10 Ways My Grandma & I are Alike (or Unlike)

Grandma Longenecker with niece and maid-of-honor Evelyn ("Honey")
Grandma Longenecker with niece and maid-of-honor Evelyn (“Honey”)

10 ways I’m like (or unlike) my Grandma Longenecker  

1. She started fancy and turned plain. I reversed the cycle, plain to fancy.


2. She always wore black laced-up shoes with heels to do housework. For me, it’s tennis shoes in winter and sandals in the summer. No heels in the kitchen.

3. She never voiced criticism about a person (except once). I am an exception to her rule.

4. She wished to have prettier hands. I love the compassion and service her work-worn hands reveal.

5. She never learned to drive. I passed my driver’s test on the third try.

6. She never watched television. I’m a Downton Abbey addict.

7. Her sewing machine was rarely silent. Mine has been stowed away in favor of a computer.

8. She shoveled snow in Pennsylvania. I now live in Florida sans snow…

Grandma in sun-bonnet shoveling snow in Pennsylvania, 1950s
Grandma in sun-bonnet, skirt,  and apron shoveling snow in Pennsylvania, 1950s

9. No one left her house without a garden snip or a tasty morsel from the table. I seem to have the same sharing habit. So does my sister Janice!

Home-grown kumquats and soup mix
Home-grown kumquats and soup mix for a recipe from sister Janice

10. Grandma loved knee-slapping humor. Sister Jan remembers she even fell off a chair once overcome by gales of laughter. I don’t need an excuse to laugh either.

One of her pincushions - I'll never part with it!
One of her pincushions  I’ll never part with

Question Mark w border1_1x1_300

What habits or preferences have been passed to you from a relative?

What other similarities or differences have been passed between the generations?


The Red Hat Society: A Different Chapter

Red hats, purple dresses, feather boas — all signatures of the Red Hat Society. There is even a Queen Mother, Sue Ellen Cooper of Orange County, California, who founded the Society in 1998 after she hosted a fancy tea party for ladies decked out in purple and red. Since then, Cooper has written two best-sellers about her Society, which has spawned thousands of chapters of women with “hattitude” nationwide.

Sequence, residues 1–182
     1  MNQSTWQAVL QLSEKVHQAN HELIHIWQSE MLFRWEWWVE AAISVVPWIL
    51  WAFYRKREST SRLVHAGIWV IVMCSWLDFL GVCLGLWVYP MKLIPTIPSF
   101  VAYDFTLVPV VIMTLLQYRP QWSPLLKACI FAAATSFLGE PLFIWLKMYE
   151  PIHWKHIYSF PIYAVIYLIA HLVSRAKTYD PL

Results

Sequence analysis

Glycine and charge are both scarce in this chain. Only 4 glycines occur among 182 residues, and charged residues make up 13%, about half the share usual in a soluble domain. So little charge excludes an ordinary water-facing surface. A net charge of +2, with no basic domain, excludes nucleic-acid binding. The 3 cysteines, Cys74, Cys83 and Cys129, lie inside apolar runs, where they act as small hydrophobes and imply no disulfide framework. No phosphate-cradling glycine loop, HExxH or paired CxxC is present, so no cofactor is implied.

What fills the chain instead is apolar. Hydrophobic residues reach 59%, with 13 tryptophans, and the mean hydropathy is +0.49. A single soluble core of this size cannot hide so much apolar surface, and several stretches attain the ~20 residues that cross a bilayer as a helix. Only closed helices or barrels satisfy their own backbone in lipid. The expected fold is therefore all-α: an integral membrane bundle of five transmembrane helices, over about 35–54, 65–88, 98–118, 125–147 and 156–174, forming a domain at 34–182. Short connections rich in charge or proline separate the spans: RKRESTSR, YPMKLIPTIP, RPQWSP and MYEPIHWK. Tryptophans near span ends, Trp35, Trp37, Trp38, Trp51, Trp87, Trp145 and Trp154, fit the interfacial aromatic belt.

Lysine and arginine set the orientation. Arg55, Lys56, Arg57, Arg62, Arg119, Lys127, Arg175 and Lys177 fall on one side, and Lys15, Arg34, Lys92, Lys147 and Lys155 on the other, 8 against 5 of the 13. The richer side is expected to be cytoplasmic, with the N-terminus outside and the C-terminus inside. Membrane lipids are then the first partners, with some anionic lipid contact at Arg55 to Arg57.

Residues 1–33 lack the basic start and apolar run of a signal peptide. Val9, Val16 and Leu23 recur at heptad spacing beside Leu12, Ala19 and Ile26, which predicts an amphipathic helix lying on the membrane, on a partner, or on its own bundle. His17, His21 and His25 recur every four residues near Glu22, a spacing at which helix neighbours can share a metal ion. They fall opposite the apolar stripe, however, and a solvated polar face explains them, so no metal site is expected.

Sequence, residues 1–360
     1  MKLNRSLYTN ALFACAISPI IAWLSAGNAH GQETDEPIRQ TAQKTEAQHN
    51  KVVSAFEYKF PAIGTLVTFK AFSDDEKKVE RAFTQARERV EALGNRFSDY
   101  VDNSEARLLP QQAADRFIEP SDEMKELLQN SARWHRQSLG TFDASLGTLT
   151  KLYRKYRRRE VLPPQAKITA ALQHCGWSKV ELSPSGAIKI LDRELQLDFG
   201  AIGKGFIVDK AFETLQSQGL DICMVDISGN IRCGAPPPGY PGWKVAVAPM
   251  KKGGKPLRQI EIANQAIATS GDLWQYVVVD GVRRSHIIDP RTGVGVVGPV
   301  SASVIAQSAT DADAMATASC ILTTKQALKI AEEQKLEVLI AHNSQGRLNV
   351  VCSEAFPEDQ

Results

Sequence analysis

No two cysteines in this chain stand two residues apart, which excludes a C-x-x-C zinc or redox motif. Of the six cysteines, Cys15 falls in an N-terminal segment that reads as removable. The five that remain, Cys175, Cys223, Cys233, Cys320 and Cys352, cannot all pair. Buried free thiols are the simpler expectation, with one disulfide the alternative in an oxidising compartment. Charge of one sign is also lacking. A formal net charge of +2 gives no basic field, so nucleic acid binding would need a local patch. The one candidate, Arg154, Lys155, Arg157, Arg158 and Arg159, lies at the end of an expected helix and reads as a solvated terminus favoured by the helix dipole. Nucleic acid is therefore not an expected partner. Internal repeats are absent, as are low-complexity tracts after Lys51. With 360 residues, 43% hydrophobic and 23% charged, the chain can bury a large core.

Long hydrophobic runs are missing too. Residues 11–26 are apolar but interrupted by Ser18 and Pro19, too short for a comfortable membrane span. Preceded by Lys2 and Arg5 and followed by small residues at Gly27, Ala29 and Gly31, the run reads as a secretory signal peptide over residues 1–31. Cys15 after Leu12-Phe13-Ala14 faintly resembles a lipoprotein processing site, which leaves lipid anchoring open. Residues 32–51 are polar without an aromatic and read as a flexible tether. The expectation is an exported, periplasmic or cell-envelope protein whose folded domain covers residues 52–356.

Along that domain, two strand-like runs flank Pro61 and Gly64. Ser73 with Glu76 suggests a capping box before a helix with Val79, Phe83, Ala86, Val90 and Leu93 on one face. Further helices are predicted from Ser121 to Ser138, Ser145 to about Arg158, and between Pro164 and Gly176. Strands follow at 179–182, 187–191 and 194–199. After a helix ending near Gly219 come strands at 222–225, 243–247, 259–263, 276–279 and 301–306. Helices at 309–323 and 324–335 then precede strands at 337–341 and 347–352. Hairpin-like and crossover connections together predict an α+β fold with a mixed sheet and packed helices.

"When I am an old woman, I shall wear purple / With a red hat . . . !"
“When I am an old woman, I shall wear purple / With a red hat . . . !”

My sisters and I had our own Red Hat Lady, my plain Grandma Longenecker’s fancy cousin, Mame Goss, who brought picked-over hats of all colors to us from a millinery shop where she worked in Middletown, Pennsylvania. Getting hats from Mame was heady stuff! She was a main character in the script of our youthful play-acting.

Mame is one step closer to revealing the treasures in her bag now. Soon we lay eyes on the partly smashed trousseau of hats, left over from the spring season. We fight over who gets what, of course.

* * *

“Here’s a straw hat with a polka dot bow, “ I say but cast it aside. Janice and Jean don’t pick it up either. They are eying the red satin bows and lavender netting attached to other headgear.

* * *

“Hey, I want this one,” Janice and Jean tussle over a swoopy hat with pink flowers. Jean finally picks up a white thing that looks like an upside-down, flat-bottomed boat with a wad of blue tulle tied in a fluffy bow in the back. Janice’s is flat and round and dark, not my taste, with black-eyed Susan circling the straw hat. I get the best hat, I believe. It is flat and round too, but navy, and studded with azalea pink silk flowers around the edges. Best of all, I can pull a dark blue net over my face. Instantly, I become a woman of mystery and allure.

* * *

We take our newly-found treasures up to Grandma’s bedroom and indulge in more fantasy. The space between her marble-topped vanity and tall headboard becomes our runway. We take turns prancing in front of her vanity mirror with wavy glass, cocking our heads just so and smiling at our reflections.

One day Auntie Mame brings another batch of hats. When I spy the red felt with broad brim, I know it is mine. Our catwalk this time is not the narrow confines of Grandma’s bedroom, but the front lawn along Harrisburg Avenue: Marian, Janice, and Jean preen for the camera this time. Soon enough we will stuff our hair under a prayer veiling, but until then, we’re fancy girls!

Home movie from the 1950s

Do you remember playing dress up as a kid? What were your costumes? Inquiring minds want to hear your story.